I assume tires choice seems relevant! There is various manufacturers but color code will be almost the same?

If other advice, welcome they are!!
You will probably be better off to buy a whole new rear Axle from IRS, it will have a Clamping left hub and the larger Diff rings, http://www.teamirsrc.com/axles.html IRS2132 $57.95. I would get that before a Thrust Bearing, Thrust Bearings are great, but IMO a new axle that uses Large D rings is more important, plus I am not sure how easy it will be to find parts for that old of an axle, but I know it is easy to find parts for an axle that uses Large Diff Rings. Just something to think about
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Old 08-18-2007, 09:54 PM   #26733
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Quote:
Originally Posted by Arn0 View Post
Thanks for those first comments and advices!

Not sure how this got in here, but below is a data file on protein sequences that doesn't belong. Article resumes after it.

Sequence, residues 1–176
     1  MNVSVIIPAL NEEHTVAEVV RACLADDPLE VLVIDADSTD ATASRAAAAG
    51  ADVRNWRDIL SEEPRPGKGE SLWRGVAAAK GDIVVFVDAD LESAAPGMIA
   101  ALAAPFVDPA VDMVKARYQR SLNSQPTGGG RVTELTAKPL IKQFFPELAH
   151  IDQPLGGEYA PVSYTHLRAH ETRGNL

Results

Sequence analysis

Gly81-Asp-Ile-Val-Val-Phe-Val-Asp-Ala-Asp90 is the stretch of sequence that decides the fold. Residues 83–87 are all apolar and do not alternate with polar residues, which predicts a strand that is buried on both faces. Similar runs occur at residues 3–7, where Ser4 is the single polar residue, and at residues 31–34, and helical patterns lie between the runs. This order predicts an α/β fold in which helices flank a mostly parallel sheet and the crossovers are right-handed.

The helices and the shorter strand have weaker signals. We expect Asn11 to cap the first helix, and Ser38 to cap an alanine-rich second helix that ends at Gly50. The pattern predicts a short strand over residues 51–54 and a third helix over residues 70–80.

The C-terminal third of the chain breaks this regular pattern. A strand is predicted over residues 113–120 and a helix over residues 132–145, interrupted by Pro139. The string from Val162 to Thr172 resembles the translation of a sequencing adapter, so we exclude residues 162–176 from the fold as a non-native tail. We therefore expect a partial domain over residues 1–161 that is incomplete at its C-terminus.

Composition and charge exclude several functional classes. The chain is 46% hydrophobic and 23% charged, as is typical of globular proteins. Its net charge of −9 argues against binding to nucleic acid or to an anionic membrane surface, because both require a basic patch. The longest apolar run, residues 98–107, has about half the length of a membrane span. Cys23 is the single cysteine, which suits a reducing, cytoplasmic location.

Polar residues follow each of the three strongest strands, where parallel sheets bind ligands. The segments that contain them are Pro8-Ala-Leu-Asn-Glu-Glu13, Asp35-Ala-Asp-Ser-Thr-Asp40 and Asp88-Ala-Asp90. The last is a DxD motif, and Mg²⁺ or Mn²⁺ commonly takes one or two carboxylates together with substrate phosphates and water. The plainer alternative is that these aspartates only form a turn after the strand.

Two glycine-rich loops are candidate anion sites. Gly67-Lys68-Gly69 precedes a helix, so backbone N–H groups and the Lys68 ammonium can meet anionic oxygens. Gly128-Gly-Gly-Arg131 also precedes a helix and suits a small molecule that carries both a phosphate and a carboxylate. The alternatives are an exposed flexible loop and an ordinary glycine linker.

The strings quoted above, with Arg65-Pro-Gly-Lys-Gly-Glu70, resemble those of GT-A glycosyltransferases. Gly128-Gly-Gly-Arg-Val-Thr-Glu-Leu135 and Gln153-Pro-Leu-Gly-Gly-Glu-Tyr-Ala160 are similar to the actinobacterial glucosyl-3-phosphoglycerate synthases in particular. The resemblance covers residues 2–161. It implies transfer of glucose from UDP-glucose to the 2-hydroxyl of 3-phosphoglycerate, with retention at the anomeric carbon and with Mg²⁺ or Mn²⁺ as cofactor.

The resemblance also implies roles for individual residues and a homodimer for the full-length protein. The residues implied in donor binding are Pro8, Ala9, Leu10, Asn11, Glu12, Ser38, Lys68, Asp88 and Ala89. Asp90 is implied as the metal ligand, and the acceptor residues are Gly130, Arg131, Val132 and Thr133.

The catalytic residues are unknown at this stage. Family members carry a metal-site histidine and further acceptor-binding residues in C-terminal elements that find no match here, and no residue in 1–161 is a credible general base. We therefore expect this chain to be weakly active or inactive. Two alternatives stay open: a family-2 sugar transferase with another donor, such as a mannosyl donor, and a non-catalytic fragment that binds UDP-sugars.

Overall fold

So left clamping hub will fit the original L3 rear axle BUT Diff plate are later if I understood well! I did notice some difference with the drawing, the L3 get Round diff rings as the L4 get D-shape diff ring but haven't notice the larger diameter, thanks then!
Save some money a get a great diff here;

http://www.teamcrc.com/crc/modules.p...od&prodID=4220

Large D ring diff with both hubs for $45. The large D is quite a bit better than the smaller D ring diff.
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Old 08-19-2007, 02:14 AM   #26734
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Hi guys,

I'm just looking for some setup tips for my 12L4 to be run on asphalt. I've found a few carpet racing set ups, but i know very little about the 1/12 cars, so not sure if these setups are useful or not to me?

Any help would be great!

Nathan
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Old 08-19-2007, 05:56 AM   #26735
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Quote:
Originally Posted by NT View Post
Hi guys,

I'm just looking for some setup tips for my 12L4 to be run on asphalt. I've found a few carpet racing set ups, but i know very little about the 1/12 cars, so not sure if these setups are useful or not to me?

Any help would be great!

Nathan
Here you may have some tips: http://markpayneblog.blogspot.com/